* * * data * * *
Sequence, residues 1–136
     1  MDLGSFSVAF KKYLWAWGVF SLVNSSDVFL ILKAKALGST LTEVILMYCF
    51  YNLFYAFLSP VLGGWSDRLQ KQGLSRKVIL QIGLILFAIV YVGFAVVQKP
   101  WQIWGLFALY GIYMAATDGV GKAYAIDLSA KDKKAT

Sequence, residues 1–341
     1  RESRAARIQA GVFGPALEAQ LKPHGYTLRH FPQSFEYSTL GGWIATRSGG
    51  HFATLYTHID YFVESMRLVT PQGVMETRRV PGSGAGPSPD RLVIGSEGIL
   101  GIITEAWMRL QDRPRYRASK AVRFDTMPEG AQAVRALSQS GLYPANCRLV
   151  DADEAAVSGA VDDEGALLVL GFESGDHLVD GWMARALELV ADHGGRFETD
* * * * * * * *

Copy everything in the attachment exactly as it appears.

Sequence, residues 1–136
     1  MDLGSFSVAF KKYLWAWGVF SLVNSSDVFL ILKAKALGST LTEVILMYCF
    51  YNLFYAFLSP VLGGWSDRLQ KQGLSRKVIL QIGLILFAIV YVGFAVVQKP
   101  WQIWGLFALY GIYMAATDGV GKAYAIDLSA KDKKAT

Sequence, residues 1–341
     1  RESRAARIQA GVFGPALEAQ LKPHGYTLRH FPQSFEYSTL GGWIATRSGG
    51  HFATLYTHID YFVESMRLVT PQGVMETRRV PGSGAGPSPD RLVIGSEGIL
   101  GIITEAWMRL QDRPRYRASK AVRFDTMPEG AQAVRALSQS GLYPANCRLV
   151  DADEAAVSGA VDDEGALLVL GFESGDHLVD GWMARALELV ADHGGRFETD